Â We have to add this weight.

Â Shown in magenta there is my weight theta (2) 1 0, the indexing is not important.

Â And this way here, which I'm highlighting in red,

Â that is theta (2) 1 1 and this weight here,

Â which I'm drawing in cyan, is theta (2) 1 2.

Â So the way we compute this value, z(3)1 is,

Â z(3)1 is as equal to this magenta weight times this value.

Â So that's theta (2) 10 x 1.

Â And then plus this red weight times this value,

Â so that's theta(2) 11 times a(2)1.

Â And finally this cyan weight times this value,

Â which is therefore plus theta(2)12 times a(2)1.

Â And so that's forward propagation.

Â And it turns out that as we'll see later in this video,

Â what backpropagation is doing is doing a process very similar to this.

Â Except that instead of the computations flowing from the left to the right of this

Â network, the computations since their flow from the right to the left of the network.

Â And using a very similar computation as this.

Â And I'll say in two slides exactly what I mean by that.

Â To better understand what backpropagation is doing, let's look at the cost function.

Â It's just the cost function that we had for when we have only one output unit.

Â If we have more than one output unit,

Â we just have a summation you know over the output units indexed by k there.

Â If you have only one output unit then this is a cost function.

Â And we do forward propagation and backpropagation on one example at a time.

Â So let's just focus on the single example, x (i) y (i) and

Â focus on the case of having one output unit.

Â So y (i) here is just a real number.

Â And let's ignore regularization, so lambda equals 0.

Â And this final term, that regularization term, goes away.

Â Now if you look inside the summation,

Â you find that the cost term associated with the training example,

Â that is the cost associated with the training example x(i), y(i).

Â That's going to be given by this expression.

Â So, the cost to live off examplie i is written as follows.

Â And what this cost function does is it plays a role similar to the squared arrow.

Â So, rather than looking at this complicated expression,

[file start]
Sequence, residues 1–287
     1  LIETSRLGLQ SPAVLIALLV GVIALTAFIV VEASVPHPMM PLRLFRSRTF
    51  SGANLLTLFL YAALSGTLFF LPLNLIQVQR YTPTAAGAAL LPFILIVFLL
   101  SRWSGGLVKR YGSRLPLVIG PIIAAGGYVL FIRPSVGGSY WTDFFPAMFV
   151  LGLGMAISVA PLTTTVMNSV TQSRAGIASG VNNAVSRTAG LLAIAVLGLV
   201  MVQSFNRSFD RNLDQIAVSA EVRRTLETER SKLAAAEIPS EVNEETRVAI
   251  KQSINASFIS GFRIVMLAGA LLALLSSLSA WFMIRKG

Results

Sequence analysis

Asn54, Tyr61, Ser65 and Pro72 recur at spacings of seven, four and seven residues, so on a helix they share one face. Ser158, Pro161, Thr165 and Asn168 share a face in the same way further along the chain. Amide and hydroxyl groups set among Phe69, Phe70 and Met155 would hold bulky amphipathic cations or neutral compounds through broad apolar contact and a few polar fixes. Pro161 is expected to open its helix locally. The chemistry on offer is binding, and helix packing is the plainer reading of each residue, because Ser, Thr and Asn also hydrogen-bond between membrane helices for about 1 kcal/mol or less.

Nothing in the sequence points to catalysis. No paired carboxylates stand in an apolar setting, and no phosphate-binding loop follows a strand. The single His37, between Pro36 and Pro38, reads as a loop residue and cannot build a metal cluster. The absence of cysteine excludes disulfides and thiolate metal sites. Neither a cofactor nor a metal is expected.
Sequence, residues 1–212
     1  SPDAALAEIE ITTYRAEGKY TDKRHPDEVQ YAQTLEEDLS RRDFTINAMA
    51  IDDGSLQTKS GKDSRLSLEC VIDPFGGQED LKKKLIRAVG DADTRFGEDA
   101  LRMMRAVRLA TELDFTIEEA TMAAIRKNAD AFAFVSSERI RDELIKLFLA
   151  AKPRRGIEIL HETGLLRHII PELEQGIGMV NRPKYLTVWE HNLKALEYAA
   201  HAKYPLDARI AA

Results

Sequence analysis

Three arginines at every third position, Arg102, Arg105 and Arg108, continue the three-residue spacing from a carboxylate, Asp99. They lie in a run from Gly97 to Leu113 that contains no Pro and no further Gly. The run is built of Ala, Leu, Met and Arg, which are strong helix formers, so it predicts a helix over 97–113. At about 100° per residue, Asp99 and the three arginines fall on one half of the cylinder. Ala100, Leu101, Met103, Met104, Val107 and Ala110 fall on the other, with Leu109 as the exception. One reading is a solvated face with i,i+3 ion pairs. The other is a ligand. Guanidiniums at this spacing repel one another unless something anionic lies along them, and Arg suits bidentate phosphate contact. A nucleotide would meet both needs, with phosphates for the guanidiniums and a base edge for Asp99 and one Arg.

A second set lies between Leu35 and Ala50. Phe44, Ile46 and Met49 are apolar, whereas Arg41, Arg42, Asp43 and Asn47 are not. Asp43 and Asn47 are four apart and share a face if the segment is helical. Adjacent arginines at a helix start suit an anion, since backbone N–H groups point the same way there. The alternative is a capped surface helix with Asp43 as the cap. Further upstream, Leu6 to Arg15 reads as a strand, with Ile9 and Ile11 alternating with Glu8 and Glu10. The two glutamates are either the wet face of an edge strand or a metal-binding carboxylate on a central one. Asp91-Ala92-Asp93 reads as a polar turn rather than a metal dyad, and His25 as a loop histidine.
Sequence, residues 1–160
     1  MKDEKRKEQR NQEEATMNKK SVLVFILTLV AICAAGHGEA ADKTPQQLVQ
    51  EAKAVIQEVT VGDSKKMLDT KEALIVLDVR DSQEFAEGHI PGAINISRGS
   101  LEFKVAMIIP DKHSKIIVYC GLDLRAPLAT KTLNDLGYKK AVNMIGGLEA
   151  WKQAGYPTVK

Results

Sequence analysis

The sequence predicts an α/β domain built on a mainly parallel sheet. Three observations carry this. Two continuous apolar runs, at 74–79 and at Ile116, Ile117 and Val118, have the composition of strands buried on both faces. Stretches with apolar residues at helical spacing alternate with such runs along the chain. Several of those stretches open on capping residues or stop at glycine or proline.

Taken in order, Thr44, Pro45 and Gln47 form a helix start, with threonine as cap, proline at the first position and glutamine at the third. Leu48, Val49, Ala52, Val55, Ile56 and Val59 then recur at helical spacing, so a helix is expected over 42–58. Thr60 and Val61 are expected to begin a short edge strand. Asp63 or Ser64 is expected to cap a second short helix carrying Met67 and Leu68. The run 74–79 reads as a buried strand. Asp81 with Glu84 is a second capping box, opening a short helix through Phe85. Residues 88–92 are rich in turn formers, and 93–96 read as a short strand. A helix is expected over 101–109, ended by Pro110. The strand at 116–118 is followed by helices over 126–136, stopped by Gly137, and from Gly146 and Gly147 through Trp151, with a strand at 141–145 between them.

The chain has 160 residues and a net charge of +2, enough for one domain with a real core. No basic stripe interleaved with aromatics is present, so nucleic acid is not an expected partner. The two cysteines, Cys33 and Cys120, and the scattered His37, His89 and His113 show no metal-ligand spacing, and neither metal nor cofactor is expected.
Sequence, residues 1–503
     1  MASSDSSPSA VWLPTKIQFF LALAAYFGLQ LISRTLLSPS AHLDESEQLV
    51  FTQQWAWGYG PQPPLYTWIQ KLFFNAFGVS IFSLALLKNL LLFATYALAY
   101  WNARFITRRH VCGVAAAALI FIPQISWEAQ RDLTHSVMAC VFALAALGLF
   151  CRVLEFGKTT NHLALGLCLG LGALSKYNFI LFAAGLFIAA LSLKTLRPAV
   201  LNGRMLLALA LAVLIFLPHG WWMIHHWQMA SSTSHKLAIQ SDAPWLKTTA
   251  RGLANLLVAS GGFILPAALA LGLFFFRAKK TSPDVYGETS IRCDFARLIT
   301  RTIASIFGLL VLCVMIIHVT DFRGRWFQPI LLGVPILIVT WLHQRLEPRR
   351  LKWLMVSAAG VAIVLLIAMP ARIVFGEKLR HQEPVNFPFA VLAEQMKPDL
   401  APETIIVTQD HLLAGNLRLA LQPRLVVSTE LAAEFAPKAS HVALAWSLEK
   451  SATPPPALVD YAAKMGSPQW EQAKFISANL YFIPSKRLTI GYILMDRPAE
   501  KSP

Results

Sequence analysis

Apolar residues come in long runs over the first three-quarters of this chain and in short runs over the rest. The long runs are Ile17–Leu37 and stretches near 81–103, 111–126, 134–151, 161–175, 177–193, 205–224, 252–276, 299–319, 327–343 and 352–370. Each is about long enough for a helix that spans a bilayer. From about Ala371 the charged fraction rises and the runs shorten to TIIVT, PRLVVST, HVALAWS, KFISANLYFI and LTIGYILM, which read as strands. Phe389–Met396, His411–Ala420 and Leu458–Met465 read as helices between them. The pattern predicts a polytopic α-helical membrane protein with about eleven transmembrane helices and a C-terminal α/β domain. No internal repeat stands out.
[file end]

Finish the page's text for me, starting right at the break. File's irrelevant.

Â if you want you can think of cost of i being approximately the square

Â difference between what the neural network outputs, versus what is the actual value.

Â Just as in logistic repression, we actually prefer to use the slightly

Â more complicated cost function using the log.

Â But for the purpose of intuition, feel free to think of the cost function

Â as being the sort of the squared error cost function.

Â And so this cost(i) measures how well is the network doing

Â on correctly predicting example i.

Â How close is the output to the actual observed label y(i)?

Â Now let's look at what backpropagation is doing.

Â One useful intuition is that backpropagation is computing these

Â delta superscript l subscript j terms.

Â And we can think of these as the quote error of the activation value

Â that we got for unit j in the layer, in the lth layer.

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And so they're a measure of how much would we like to change the neural network's

Â weights, in order to affect these intermediate values of the computation.

Â So as to affect the final output of the neural network h(x) and

Â therefore affect the overall cost.

Â In case this lost part of this partial derivative intuition,

Â in case that doesn't make sense.

Â Don't worry about the rest of this,

Â we can do without really talking about partial derivatives.

Â But let's look in more detail about what backpropagation is doing.

Â For the output layer, the first set's this delta term,